I realized today that I made a common mistake. I took my CEO's direction to heart, assembled my team accordingly, and plowed full speed ahead with his requirements as our guide.
We had our first meeting today to touch base on the progress of our projects. They were required to be released by the end of the year. The timeline was incredibly tight and I was concerned about the quality of the work because we had limited resources. I also didn't want to sacrifice research and prototyping time and build band aid solutions.
One of my colleagues presented a project that had a rough scope of one year. I pushed back, telling him his plans weren't within the requirements we agreed on. There was no way this could be done by the end of the year.
To my surprise, the CEO loved it. He applauded my colleague for thinking big and he was excited about the project because it was much more impressive given it's larger scope.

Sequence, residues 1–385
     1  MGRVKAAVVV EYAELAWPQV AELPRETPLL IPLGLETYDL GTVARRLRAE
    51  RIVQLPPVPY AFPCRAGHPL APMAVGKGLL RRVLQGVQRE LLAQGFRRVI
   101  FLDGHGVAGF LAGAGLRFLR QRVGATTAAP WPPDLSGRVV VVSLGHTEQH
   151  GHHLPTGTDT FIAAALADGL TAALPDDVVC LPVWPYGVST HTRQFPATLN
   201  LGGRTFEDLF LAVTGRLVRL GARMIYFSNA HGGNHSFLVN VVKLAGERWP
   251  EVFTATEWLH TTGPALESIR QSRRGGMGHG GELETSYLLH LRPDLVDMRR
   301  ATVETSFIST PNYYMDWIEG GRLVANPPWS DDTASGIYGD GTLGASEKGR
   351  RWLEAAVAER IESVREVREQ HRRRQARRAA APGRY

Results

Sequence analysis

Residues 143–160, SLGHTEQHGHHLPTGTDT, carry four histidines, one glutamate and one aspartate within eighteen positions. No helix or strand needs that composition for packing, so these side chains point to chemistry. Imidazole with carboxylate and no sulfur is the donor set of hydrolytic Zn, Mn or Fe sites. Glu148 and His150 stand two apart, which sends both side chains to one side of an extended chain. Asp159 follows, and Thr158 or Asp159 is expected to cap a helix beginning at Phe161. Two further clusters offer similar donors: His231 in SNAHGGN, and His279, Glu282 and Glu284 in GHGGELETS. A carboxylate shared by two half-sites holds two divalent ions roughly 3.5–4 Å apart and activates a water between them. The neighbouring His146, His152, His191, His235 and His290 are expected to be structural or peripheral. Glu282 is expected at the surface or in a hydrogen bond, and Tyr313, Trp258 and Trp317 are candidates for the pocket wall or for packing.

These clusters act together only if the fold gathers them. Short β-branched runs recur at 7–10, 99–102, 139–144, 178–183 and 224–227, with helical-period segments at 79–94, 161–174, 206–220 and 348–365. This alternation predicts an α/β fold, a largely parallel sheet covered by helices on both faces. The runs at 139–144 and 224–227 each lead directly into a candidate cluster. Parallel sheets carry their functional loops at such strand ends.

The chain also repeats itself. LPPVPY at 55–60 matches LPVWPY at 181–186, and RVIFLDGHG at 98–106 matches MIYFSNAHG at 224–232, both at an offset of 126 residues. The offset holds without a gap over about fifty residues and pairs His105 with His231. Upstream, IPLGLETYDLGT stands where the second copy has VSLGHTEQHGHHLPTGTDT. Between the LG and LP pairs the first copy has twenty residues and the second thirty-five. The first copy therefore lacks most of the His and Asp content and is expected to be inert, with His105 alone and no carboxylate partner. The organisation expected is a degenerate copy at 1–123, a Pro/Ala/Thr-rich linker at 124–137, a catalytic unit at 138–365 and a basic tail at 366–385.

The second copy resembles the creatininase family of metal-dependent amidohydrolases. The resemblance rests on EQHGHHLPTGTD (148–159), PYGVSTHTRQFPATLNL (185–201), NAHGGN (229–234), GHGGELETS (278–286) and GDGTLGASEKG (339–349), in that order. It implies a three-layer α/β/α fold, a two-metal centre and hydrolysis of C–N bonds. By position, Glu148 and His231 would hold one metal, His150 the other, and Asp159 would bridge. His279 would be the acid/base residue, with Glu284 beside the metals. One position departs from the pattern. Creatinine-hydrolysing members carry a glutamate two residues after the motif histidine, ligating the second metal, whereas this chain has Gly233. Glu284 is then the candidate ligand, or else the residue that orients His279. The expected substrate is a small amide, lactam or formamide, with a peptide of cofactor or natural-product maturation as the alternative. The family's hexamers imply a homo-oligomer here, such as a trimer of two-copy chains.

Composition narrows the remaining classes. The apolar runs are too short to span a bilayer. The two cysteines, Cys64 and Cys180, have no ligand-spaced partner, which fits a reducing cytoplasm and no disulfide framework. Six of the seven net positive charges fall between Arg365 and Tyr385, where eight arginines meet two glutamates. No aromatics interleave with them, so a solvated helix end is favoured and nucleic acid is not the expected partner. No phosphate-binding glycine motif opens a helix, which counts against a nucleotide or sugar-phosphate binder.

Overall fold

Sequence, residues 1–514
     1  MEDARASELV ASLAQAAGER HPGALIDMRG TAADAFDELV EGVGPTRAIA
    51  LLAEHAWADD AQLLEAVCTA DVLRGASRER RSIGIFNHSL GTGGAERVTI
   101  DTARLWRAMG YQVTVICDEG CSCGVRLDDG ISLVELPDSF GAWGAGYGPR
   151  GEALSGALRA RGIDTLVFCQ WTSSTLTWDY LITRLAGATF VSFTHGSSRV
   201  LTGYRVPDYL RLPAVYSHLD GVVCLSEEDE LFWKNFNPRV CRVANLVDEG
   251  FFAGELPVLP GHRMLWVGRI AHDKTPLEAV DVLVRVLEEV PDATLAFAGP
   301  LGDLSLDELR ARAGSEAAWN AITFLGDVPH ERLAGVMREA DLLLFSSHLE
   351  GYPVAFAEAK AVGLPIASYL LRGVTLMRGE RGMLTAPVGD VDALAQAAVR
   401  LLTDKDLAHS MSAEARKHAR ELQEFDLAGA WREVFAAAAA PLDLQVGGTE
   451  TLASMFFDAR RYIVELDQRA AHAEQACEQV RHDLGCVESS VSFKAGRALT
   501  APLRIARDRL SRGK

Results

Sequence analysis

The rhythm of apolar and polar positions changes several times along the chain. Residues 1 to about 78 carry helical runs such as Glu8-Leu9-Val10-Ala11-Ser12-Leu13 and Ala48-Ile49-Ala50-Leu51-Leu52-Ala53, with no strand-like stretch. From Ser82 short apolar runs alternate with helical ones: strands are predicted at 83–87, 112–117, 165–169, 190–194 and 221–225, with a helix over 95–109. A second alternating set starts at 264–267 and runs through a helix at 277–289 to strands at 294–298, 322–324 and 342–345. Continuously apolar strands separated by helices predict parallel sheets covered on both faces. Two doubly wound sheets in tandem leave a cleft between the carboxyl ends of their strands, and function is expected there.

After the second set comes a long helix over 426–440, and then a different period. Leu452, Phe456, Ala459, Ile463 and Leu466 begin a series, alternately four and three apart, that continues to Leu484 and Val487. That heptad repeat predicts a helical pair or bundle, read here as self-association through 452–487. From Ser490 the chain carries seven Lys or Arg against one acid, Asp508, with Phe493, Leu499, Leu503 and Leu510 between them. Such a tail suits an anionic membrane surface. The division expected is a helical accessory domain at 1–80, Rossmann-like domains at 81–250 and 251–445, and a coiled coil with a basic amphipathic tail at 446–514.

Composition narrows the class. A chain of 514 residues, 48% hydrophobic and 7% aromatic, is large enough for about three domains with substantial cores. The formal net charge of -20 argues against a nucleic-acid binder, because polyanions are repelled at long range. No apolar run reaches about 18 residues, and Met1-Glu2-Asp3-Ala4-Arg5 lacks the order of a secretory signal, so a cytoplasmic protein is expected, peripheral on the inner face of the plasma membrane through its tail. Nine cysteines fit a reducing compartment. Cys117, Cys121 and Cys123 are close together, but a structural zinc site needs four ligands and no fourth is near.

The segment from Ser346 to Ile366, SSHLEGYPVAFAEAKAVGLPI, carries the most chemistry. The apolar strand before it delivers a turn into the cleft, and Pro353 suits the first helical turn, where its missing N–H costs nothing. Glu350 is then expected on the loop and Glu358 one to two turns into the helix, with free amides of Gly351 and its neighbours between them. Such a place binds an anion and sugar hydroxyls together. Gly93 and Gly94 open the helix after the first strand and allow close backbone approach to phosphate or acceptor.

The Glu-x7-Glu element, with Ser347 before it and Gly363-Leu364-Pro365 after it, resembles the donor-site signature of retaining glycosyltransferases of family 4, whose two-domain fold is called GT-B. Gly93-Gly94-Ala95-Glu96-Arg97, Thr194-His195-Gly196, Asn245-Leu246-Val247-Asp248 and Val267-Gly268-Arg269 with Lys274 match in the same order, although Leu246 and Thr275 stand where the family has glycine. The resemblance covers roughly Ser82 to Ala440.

Sheepish, I realized I screwed up once again by assuming that my boss knew exactly what he wanted. I assumed he thought about all the different scenarios and saw all the different designs we could create in his head. I thought these requirements were written in stone after lots of research and careful planning. I made way too many assumptions.
It's common for people to think they know what they want simply because they can't imagine things being any other way. Sometimes it's because they literally can't see it. When they do, they have the potential to get really excited about it and even change their mind entirely.
I should have made the conscious decision to take his direction as a clue rather than a directive, presenting the best related solutions rather than only solutions that fit within his rigid framework.